4.  Facebook – last but not least, Facebook is not to be overlooked. In this list, however, Facebook is the most difficult way to generate a direct sales return, but that doesn’t mean you should avoid it. Facebook is a closed system. That means your content stays within the Facebook network. Facebook wants it this way to encourage sharing and eventually tap into a lucrative ad market. For businesses, this means creating a business fan page. The best advice I’ve heard is to think of your fan page as a business website with similar functionality as your main company website. Don’t use Facebook as it comes in its default mode. Don’t have people see your wall when they click on your page. Do get help customizing your Facebook tabs and think about ways to serve up blog content, store locators and Facebook-only deals on custom – built tabs.

As franchise companies, social media has become part of our integrated marketing strategies and it’s a good thing: we have tremendous opportunities to build brand awareness and leverage fans. For the first time, companies are really beginning to show solid track records using the social media tools above to drive sales. If you are trying to tackle social media, start at the top of this list and work your way down — you’ll get a much better result and your franchisees will thank you.

If you don’t know where to start, outsource or get help. You won’t be sorry.

  

Brand Journalists is a content, PR and social media firm based in Nashville, TN that uses Engage121 with all of its clients to help manage content on social networks to create marketing breakthroughs and drive sales.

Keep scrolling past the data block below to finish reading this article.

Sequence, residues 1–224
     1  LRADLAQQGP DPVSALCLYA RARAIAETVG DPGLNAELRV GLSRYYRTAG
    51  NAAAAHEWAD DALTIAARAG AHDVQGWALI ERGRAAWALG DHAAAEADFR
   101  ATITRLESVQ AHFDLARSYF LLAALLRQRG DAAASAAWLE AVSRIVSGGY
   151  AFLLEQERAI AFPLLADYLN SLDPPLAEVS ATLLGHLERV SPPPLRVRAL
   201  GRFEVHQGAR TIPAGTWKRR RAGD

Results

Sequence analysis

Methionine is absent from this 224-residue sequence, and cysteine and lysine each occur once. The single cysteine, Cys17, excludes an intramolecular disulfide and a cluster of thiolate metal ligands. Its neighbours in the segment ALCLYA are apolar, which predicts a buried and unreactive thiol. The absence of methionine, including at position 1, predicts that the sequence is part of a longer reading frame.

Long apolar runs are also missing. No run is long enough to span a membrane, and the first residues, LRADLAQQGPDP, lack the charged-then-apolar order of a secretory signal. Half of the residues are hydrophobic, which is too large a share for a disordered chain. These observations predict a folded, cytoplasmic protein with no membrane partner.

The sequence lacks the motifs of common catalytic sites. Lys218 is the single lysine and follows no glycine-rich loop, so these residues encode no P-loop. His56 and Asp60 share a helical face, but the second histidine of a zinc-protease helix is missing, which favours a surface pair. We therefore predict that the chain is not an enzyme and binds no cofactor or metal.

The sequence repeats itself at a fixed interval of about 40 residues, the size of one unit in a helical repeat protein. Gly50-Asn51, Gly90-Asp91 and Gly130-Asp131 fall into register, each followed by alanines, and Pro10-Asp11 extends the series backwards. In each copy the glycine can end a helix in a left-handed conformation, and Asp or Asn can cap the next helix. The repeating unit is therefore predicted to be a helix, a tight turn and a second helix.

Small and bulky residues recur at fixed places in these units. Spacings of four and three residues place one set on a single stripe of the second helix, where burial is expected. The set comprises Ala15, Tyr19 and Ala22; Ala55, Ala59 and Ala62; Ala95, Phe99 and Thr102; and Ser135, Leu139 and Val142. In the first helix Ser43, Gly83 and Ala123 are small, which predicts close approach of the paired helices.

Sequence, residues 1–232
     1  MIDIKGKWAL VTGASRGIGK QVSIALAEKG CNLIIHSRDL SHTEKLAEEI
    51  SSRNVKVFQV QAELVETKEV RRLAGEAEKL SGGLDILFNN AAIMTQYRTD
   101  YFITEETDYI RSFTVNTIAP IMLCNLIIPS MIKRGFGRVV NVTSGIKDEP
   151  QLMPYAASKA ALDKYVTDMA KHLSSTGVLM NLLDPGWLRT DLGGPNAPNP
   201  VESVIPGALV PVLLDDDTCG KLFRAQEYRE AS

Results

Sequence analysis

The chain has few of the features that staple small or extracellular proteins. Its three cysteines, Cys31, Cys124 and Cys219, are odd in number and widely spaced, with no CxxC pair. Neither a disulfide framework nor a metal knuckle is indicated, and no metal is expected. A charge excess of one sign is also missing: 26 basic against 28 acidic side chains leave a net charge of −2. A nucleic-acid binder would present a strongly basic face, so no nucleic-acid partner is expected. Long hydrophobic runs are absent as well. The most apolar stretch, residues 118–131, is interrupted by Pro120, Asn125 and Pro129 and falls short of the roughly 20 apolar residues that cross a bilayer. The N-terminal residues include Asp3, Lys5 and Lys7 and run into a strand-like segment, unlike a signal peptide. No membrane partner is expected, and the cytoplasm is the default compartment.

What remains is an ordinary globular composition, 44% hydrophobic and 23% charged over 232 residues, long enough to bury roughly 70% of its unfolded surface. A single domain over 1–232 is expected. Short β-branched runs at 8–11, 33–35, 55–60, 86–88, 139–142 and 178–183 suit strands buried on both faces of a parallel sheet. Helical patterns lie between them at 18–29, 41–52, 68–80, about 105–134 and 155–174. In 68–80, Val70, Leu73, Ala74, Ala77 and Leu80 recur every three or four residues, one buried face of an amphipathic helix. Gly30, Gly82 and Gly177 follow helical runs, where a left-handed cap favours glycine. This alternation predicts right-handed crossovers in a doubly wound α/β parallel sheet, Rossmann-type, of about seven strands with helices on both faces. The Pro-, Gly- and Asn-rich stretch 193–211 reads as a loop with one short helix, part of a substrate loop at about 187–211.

www.brandjournalists.com
Twitter
@brandjournalist
LinkedIn:
http://www.linkedin.com/in/thomscott 
Facebook: facebook.com/brandjournalists:

About these ads

3 Responses to “Why Being On Facebook Is A Mistake”

  1. lynnwms March 29, 2011 at 6:33 pm #

    I really enjoyed this blogpost. Social loyalty programs have it all. I don’t agree with your recommendation that businesses must customize their Facebook Fan pages radically, though. I think the value of Facebook is in making connections with content,creating messages with heart & bringing common values to light. You can raise awareness & increase engagement in all marketing work & I think Facebook can be an ideal grassroots marketing tool when given time to develop a base.

    • Thomas Scott March 30, 2011 at 5:29 am #

      Glad you liked the post –
      It might be said that facebook now has two equally important functions: interacting with customers and building trust as you mentioned and the ability for companies to use pages for more traditional marketing. With the right applications, you can allow people to shop, generate leads and offer trackable promotions. If this Happens alongside serious and transparent social engagement, it can lead to a breakthrough in sales. I think both are important to companies today.
      Social loyalty is full of awesomeness – contact me if you want to learn more.

Trackbacks/Pingbacks

  1. Tweets that mention Why Being On Facebook Is A Mistake « Social Media Workbench -- Topsy.com - February 21, 2011

    […] This post was mentioned on Twitter by Alltop Facebook, The Ocean Agency. The Ocean Agency said: Interesting points! I like the idea of Social Loyalty Programs RT @jackmonson: Why being on Facebook is a Mistake: http://bit.ly/etuyxy #IFA […]

Leave a Reply

Fill in your details below or click an icon to log in:

WordPress.com Logo

You are commenting using your WordPress.com account. Log Out / Change )

Twitter picture

You are commenting using your Twitter account. Log Out / Change )

Facebook photo

You are commenting using your Facebook account. Log Out / Change )

Google+ photo

You are commenting using your Google+ account. Log Out / Change )

Connecting to %s

Follow

Get every new post delivered to your Inbox.

Join 54 other followers

%d bloggers like this: